Bryn Mawr Classical Review 2010.09.27
Daniel Boyarin, Socrates and the Fat Rabbis. Chicago/London: The University of Chicago Press, 2009. Pp. xiv, 388. ISBN 9780226069166. $45.00.
Reviewed by Oona Eisenstadt, Pomona College (firstname.lastname@example.org)
The broadest purpose of this book is to argue that Plato’s dialogues and the Babylonian Talmud are examples of Menippean satire, or spoudogeloion, a genre in which high and low elements are mixed in such a way that the practices of intellectuals “are both mocked and asserted at one and the same time” (26). Almost every society, Boyarin tells us, produces such satire, but Plato and the Talmud are particularly comparable because they share a Hellenistic viewpoint (133) and because they apply the satire similarly. The meat of the book constitutes a description of the similarity through close readings of several passages from Baba Metzia and other tractates (chs. 4, 5, and 6), as well as the Protagoras (ch. 2), the Gorgias (ch. 3), and the Symposium, particularly the speeches of Pausanias, Socrates, and Alcibiades (chs. 7 and 8). Boyarin’s interpretations of Talmud are novel and compelling, as is the evidence adduced of a general rabbinic familiarity with Greek and Roman stories. The interpretations of Plato probably offer the scholarship at large no net gain, but reframe the work of others in way that is consistent and engaging. The book is driven by delight in all things clever and witty, and, while often cavalier, is pleasant and unrancorous.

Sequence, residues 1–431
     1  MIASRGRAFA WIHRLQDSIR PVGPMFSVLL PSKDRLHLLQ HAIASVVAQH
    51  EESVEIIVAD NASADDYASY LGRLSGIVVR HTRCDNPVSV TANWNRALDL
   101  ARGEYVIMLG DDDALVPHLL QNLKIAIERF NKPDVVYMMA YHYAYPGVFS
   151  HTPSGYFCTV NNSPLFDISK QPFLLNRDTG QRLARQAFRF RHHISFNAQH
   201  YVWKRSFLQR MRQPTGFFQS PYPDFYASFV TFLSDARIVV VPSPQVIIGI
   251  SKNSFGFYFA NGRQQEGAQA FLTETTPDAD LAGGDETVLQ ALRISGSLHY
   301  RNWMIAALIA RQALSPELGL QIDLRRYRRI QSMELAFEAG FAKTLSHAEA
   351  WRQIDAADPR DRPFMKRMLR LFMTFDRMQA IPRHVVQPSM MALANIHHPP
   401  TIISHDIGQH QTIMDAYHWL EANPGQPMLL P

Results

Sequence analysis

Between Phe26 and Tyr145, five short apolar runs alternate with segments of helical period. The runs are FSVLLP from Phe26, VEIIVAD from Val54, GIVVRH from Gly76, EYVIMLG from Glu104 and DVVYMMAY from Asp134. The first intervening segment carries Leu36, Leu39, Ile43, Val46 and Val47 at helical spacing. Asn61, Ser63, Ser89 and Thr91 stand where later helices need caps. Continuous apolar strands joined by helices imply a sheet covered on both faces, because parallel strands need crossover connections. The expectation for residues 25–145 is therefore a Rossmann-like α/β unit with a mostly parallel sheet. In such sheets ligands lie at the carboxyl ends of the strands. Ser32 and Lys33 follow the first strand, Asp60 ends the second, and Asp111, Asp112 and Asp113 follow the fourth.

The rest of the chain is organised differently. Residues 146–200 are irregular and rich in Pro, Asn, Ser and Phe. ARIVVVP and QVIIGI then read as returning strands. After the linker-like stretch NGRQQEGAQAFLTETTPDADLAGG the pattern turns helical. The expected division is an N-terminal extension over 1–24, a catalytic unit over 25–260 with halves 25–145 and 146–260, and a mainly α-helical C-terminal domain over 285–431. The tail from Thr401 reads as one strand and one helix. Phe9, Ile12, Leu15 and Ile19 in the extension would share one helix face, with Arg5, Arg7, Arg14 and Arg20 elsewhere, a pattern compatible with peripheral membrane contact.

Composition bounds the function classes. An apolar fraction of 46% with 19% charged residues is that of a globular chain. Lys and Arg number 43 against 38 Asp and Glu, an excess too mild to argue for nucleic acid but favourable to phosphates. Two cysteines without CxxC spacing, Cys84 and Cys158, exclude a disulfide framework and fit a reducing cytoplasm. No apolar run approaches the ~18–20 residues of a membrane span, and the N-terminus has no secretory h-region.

For Boyarin, Plato’s texts operate in two “accents”, one serious and decorous and another that undercuts the first through an often carnivalesque humor. He argues that the Platonic corpus as a whole is concerned almost exclusively with the distinction between philosophy and rhetoric, and this for reasons that might be labeled political: Plato coins the term ‘rhetoric’ and then spends his life criticizing it so as to carve out territory for the ‘superior’ endeavor that is philosophy. In the first accent, Plato plays this straight, lauding Socrates as the representative of the Truth, while in the second accent he offers a parody that reveals his self-doubt: as a succession of interlocutors is reduced to yes-men, we come to understand that Socrates’ dialectic is more coercive than rhetoric, and “the Professor of Truth is ... shown up as a duplicitous dialectician” (110). The heroes of the second accent are men like Protagoras and Gorgias, whose perspectivalism and epistemological relativism are more democratic than anything Socrates represents or can induce. But the first accent is not over-ruled. The Truth of philosophy, which is a-physical and a-political, is seriously defended throughout the corpus at the same time as it is satirized as idealistic and potentially tyrannical. This is Plato’s spoudogeloion. The grounding theorist here is Bakhtin, who discovers that conversations presented in literature are often the most monological or didactic elements of a text: writers use dialogue as a ruse to slant the discussion their own way, or to draw forth aspects of their own complex positions; this, says Boyarin is certainly true of Plato. Authentic dialogue in the Platonic corpus exists not between interlocutors but between the first and second accent.